Why do lizards sunbathe? Why do jackrabbits have huge ears? Why do dogs pant when they’re hot? Why do we love and loathe sunshine, cold water, windy days, rainy stormy weather? We regulate our body temperature by thermoregulatory strategies that are arguably physical as well as mental.

I remember Easter weekends as a kid when we’d have a late southerly and boom, it was winter. Well winter for Australia anyway. We’d have our fire laid ready cos love getting our cosy on (& my boys are both pyros).

Having just had an incredible endless summer- leaving California at the end of summer (& then their Indian summer) then coming to Australia at the end of spring and getting the full brunt of summer just gone, this lovely sunny Easter weekend isn’t unwelcome. It’s still lovely basking in sunshine Thankyou!

But something in me knows I can’t always seek sunshine. We’ve gotta open ourselves to every weather and find stability in navigating conditions.

Description

Thermoregulation is the ability of our body to keep its temperature within certain boundaries, even when the surrounding temperature is very different. It’s so important to our metabolism and our energy perception as much as creation.

– We can alter metabolic heat production to maintain body temperature using both shivering and non-shivering.

– by shrinking and expanding our blood vessels to the skin, we can alter our exchange of heat with the environment.

– our body can arrange blood vessels in which heat flows from warmer to cooler blood, to reduce heat loss.

– and of course we sweat and pant during exercise all in the name of body temperature regulation.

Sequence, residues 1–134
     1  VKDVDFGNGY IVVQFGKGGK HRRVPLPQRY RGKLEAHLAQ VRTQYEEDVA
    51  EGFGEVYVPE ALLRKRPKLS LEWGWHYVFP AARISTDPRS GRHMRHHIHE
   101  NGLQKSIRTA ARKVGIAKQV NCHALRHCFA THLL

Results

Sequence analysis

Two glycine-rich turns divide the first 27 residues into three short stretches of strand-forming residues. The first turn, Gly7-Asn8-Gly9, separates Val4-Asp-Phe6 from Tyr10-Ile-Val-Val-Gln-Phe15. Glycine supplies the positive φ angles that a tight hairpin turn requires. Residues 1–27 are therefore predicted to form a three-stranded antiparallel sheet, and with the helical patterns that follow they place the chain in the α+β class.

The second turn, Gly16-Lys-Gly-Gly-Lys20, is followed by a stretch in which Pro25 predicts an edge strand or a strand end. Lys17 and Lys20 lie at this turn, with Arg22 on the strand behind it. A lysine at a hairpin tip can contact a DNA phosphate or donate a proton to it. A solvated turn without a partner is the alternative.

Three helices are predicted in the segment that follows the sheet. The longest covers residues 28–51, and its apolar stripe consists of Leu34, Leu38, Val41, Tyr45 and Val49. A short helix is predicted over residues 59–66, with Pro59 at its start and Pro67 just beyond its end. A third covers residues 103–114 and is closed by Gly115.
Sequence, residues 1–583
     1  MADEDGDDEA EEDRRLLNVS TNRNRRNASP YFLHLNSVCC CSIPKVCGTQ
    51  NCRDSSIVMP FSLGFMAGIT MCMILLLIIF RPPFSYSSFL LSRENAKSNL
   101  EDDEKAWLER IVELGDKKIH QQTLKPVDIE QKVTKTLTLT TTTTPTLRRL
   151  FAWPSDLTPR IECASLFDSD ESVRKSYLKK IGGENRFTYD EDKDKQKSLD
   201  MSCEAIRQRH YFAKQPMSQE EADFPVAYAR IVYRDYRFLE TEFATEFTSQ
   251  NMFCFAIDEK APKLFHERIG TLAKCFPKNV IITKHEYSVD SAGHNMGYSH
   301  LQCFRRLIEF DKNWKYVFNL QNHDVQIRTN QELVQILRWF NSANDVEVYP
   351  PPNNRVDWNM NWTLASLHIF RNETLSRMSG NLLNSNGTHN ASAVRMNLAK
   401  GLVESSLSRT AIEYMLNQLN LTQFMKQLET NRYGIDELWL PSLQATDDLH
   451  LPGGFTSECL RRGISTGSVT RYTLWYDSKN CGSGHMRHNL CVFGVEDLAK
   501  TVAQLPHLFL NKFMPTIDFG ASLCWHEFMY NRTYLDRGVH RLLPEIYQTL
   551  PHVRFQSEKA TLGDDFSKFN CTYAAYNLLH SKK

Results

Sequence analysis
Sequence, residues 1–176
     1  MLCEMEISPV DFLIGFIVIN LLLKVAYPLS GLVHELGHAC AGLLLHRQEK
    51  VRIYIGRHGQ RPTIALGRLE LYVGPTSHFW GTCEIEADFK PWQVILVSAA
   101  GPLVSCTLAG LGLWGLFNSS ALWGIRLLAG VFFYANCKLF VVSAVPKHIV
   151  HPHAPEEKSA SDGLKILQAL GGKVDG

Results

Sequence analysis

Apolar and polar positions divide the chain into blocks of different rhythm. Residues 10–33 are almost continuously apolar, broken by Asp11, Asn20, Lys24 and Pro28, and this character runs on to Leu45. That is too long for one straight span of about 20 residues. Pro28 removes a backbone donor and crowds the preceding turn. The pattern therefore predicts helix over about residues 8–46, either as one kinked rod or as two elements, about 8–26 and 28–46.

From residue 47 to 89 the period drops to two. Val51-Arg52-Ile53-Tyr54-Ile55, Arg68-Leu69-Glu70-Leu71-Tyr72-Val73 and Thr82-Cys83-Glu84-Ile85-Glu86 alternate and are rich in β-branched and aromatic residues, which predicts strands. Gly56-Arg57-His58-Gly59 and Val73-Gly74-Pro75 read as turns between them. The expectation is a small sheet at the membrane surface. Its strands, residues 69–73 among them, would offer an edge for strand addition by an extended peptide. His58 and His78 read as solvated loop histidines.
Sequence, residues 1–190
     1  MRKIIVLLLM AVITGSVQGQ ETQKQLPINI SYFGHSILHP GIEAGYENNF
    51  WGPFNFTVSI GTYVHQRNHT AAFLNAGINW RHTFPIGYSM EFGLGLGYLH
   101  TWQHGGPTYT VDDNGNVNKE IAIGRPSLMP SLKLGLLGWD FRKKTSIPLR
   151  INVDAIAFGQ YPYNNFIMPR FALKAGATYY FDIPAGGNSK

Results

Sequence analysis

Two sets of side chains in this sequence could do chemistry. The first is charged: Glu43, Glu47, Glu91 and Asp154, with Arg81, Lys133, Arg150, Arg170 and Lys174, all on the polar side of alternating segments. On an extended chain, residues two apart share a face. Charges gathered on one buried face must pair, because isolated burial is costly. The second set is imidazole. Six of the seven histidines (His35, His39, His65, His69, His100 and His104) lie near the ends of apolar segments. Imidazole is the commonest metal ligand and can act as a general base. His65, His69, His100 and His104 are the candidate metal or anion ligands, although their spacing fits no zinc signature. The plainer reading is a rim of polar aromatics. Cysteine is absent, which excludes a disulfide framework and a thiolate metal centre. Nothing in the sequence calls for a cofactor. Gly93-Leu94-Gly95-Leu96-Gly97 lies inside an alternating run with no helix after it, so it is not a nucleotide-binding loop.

I love to challenge mine. Infra red saunas, polar plunges, swimming in the ocean (no matter the temp outside). I used to be such a coldy cat always. And then I had my brain tumor operation. Now I know it’s importance.

Our body’s (& your mind’s) thermoregulatory strategies can bring us a sense of confidence. Things come and go and change. And so can we!

And there’s stability in awareness.

INGREDIENTS

  • 2 cups buckwheat flour
  • 2 cups almond flour
  • 3 tsp baking powder
  • 1/2 cup olive oil
  • 1 cup coconut milk
  • ¼ cup maple syrup
  • 2 tsp vanilla extract
  • 1 tsp ground cinnamon
  • 1 cup raisins
  • Melted dark chocolate for crosses

METHOD

Preheat oven 160c/320f

Mix dry ingredients in one bowl and mix wet ingredients in another. Add together. Let sit to 5 min. Makes sticky dough

Shape into balls on paper lined trays. Add crosses in melted choc

Bake 35 min, turn off oven and leave in for another 5min

Hot Cross Buns
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Hot Cross Buns
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A body weight workout requires only you to workout, which by definition is what we’re doing right: working out how to move better? Maybe it’s negative, but if a workout isn’t mindfulness in movement, then it’s just ‘work’ which we all do enough of right?!